Eosinophils - immunology
Immunoglobulin E - immunology
Immunotherapy, Adoptive
Male
Ovalbumin - immunology
Passive Cutaneous Anaphylaxis - immunology
Rats
Rats, Inbred BN
Rats, Sprague-Dawley
Research Support, Non-U.S. Gov't
Respiratory Hypersensitivity - immunology - physiopathology
Serum Albumin, Bovine - immunology
T-Lymphocytes - immunology
Abstract
To evaluate the role of lymphocytes in the pathogenesis of allergic bronchoconstriction, we investigated whether allergic airway responses are adoptively transferred by antigen-primed lymphocytes in Brown Norway (BN) rats. Animals were actively sensitized to ovalbumin (OA) or sham sensitized, and 14 d later mononuclear cells (MNCs) were isolated from intrathoracic lymph nodes, passed through a nylon wool column, and transferred to naive syngeneic rats. Recipients were challenged with aerosolized OA or bovine serum albumin (BSA) (5% wt/vol) and analyzed for changes in lung resistance (RL), airway responsiveness to inhaled methacholine (MCh), and bronchoalveolar lavage (BAL) cells. Recipients of MNCs from sensitized rats responded to OA inhalation and exhibited sustained increases in RL throughout the 8-h observation period, but without usual early airway responses. Recipients of sham-sensitized MNCs or BSA-challenged recipients failed to respond to antigen challenge. At 32 h after OA exposure, airway responsiveness to MCh was increased in four of seven rats that had received sensitized MNCs (p = 0.035). BAL eosinophils increased at 32 h in the recipients of both sensitized and sham-sensitized MNCs. However, eosinophil numbers in BAL were inversely correlated with airway responsiveness in the recipients of sensitized MNCs (r = -0.788, p = 0.036). OA-specific immunoglobulin E (IgE) was undetectable by enzyme-linked immunosorbent assay (ELISA) or passive cutaneous anaphylaxis (PCA) in recipient rats following adoptive transfer. In conclusion, allergic late airway responses (LAR) and cholinergic airway hyperresponsiveness, but not antigen-specific IgE and early responses, were adoptively transferred by antigen-primed lymphocytes in BN rats.(ABSTRACT TRUNCATED AT 250 WORDS)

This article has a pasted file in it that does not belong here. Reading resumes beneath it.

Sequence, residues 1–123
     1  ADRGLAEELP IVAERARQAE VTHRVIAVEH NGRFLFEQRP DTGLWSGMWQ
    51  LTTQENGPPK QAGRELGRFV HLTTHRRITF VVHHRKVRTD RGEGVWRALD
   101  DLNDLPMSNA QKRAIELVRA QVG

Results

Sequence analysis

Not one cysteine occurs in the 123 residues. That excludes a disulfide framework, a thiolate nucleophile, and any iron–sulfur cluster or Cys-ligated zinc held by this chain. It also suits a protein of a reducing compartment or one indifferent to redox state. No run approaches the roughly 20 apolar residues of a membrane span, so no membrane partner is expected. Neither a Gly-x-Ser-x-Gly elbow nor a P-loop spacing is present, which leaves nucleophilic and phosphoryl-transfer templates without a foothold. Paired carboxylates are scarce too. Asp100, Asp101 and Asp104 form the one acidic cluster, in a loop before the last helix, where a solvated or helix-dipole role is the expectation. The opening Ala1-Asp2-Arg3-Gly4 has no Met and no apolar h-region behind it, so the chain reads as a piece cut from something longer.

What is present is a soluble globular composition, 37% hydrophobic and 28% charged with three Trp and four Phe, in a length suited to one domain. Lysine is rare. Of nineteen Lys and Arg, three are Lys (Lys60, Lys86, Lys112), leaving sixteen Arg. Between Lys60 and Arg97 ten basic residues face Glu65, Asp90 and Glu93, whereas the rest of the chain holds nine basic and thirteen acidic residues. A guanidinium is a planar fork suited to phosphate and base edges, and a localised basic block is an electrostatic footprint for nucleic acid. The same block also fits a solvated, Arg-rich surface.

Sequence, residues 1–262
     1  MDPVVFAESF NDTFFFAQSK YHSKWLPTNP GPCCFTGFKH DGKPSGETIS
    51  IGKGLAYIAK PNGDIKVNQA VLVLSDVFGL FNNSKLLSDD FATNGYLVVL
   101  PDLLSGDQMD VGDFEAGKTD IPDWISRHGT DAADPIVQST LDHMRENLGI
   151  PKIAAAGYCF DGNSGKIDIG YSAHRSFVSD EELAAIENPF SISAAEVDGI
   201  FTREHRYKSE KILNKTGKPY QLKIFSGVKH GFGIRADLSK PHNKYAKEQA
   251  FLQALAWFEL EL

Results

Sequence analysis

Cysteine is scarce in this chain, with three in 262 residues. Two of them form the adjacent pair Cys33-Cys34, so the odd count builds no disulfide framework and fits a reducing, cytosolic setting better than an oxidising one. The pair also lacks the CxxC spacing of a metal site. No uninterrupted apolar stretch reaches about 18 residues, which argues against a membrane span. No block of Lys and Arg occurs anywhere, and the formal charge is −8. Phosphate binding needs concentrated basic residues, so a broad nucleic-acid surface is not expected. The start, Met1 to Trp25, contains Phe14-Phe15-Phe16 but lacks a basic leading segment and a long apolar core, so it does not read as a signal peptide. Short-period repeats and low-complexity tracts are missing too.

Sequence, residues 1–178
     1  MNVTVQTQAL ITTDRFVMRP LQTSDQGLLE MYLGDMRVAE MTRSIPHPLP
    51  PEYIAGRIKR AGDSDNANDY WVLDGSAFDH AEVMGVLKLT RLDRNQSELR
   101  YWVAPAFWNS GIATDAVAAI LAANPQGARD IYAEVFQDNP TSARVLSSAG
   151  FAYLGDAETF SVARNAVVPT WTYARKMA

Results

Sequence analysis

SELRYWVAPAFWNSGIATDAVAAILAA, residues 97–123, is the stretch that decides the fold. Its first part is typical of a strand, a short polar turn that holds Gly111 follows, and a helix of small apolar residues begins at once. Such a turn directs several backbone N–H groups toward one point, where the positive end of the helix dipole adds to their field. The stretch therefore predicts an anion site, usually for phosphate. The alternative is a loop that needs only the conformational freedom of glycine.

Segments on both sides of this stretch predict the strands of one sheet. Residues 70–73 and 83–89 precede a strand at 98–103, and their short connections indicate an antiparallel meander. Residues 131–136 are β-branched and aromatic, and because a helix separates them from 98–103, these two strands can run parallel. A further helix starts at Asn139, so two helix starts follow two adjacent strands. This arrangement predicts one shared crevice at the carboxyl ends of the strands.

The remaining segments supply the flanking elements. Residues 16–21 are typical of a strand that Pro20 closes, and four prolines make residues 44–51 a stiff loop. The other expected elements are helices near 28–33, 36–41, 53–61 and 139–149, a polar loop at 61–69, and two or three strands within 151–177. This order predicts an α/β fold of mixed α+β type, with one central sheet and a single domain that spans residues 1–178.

PubMed ID
7599864 View in PubMed
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Airway hyperresponsiveness, elevation of serum-specific IgE and activation of T cells following allergen exposure in sensitized Brown-Norway rats.

https://arctichealth.org/en/permalink/ahliterature15906
Source
Immunology. 1995 Aug;85(4):598-603
Publication Type
Article
Date
Aug-1995
Author
A. Haczku
K F Chung
J. Sun
P J Barnes
A B Kay
R. Moqbel
Author Affiliation
Department of Allergy and Clinical Immunology, National Heart and Lung Institute, London, UK.
Source
Immunology. 1995 Aug;85(4):598-603
Date
Aug-1995
Language
English
Publication Type
Article
Keywords
Allergens - immunology
Animals
Bronchial Hyperreactivity - immunology
Bronchial Provocation Tests
Bronchoalveolar Lavage Fluid - immunology
Female
Immunoglobulin E - blood
Lymphocyte Activation - immunology
Ovalbumin - immunology
Rats
Rats, Inbred BN
Research Support, Non-U.S. Gov't
T-Lymphocyte Subsets - immunology
Abstract